Estate sale turned up unknown 20 cal vietnam era? RA 65


#1

Hi,

I obtained some empty brass cartridges at an estate sale that I believe are factory rejects or I believe these were pulled from the assembly line, possibly due to an inspection and defects found. They do not have the primmer flash hole in them and some have nicks and dents. I have many caliber cartridges like this that were also obtained at the Estate sale. One that sticks out and I cannot Identify is a case without the primer flash hole that is smaller in diameter at its base than a 223(5.56) and appears to be 20 caliber. It is stamped “R A 6 5”. I have several of them and I also have some 5.56 that are stamped “R A 6 6” which do not have their flash holes but have bullets seated in them. Did Remington attempt to develop a 20 caliber round for the government to use during the Vietnam conflict? I have never seen a cartridge matching the dimensions of the little 20 cal. round. If my eyes are not deceiving me, I measured a primer pocket at .137"; the base of the shell at .332"; the body, just below the shoulder is .321"; case neck length .285"; outside neck diameter is .237"; and inside neck diameter is .212". Any idea what I may have?
Thanks,
Jim

PS: Forgot to say that the cases measure between 1.782 and 1.80 in length. I have 5 of them. Most are around the 1.80 length.
Here are pictures of the 20’s beside the 5.56.

AND


#2

Jim,

Welcome to the Forum. Here is a link to a post on the XM216 with “RA 65” headstamp: viewtopic.php?f=8&t=13006

There are several other posts on the subject of these and other flechette rounds such as the XM144.

Dave


#3

The pics of the XM144 look familiar but what are the case dimensions? They are saying 5.6 mm?? My cases are not that big. Dave, what did the weapon look like that fired these little rounds??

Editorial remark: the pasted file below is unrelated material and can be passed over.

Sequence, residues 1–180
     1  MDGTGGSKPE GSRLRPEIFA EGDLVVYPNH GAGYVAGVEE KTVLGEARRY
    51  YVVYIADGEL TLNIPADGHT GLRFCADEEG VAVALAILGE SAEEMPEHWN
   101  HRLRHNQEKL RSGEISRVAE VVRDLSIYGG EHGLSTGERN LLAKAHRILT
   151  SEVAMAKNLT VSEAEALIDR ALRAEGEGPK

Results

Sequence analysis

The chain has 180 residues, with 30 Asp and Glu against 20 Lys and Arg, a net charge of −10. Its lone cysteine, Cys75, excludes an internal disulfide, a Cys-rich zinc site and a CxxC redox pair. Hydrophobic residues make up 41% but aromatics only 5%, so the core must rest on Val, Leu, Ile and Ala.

Any pictures?
Jim


#4

Jim

There was an entire book about the different flechette cartridges. It is not a simple task to describe the cartridges and weapons because there were so many of them.

The book is SPIW - The Deadliest Weapon That Never Was, by R.Blake Stevens & Ed C. Ezell. I don’t know if there’s an on-line version that you can download. Most of us collectors have the hard copy.

SPIW is an acronym for Special Purpose Individual Weapon.

Ray


#5

An on line copy of SPIW - The Deadliest Weapon That Never Was is available here: scribd.com/doc/72765104/The- … -Never-Was


#6

Jim,

I believe the dimensions you give are consistent with those of the XM216 other than neck dimensions and case length. That variation could well be due to the fact that your cases are unfinished as indicated by a lack of flash hole and fairly wide range of case length. There may be other varieties with that headstamp, but that is my best guess. Ray will set me straight if I speak without sound judgement…

Dave


#7

Dave is correct.

The XM144 was a first generation cartridge. Headstamps of 62, 63, and 64 are those most often found. The XM216 is second generation. A headstamp of RA 65 is commonly seen.

I don’t remember if the book gave cartridge dimensions. It’s been a long time since I read it. But:

XM144 base diameter is .307", shoulder is .290", length is 1.730", neck diameter is .235".

XM 216 base is .331", shoulder is .318", length is 1.730", neck diameter is .235".

All dimensions approx as measured from a single example.

The XM110 and XM645 are completely different cartridges. Belted cases. Longer. A different primer/ignition set-up. The XM144WE4 is similar to the XM144 but a little fatter.

You need to read the book.


#8

OK guys,

Thanks a million for all the replies. I will read the book, online version. I agree that the case neck length was not “finished” to the specs of their design. That explains the variables in the length as they were probably pulled from the production line, possibly due to inspection or “quality control”. Looking at all the diameters Ray has posted I now believe what I have are unfinished xm216’s. My measurements and those posted of the XM216 are very close. AND my eyesight isn’t what it used to be. I still refuse to replace a battery in my digital calipers every time I wish to use them (seems like) so I’ll stick with the analog dial type.

Again, thanks for all the help AND thanks for welcoming me to the forum.
I’ll dig into my ammo collection and see what else I can come up with! HAR!
Happy Independence Day to ALL
Jim


#9

Jim

Don’t apologise for your eye sight. Mine can’t be any better. ;-)

The dimensions I gave are from one lone example and an average of several cases could be different.

We’d certainly like to see any other cartridges from your collection that you think would be of interest. There’s not a cartridge that someone on the Forum does not collect and you’ll always find us interested.

Ray


#10

Thanks Ray!

Jim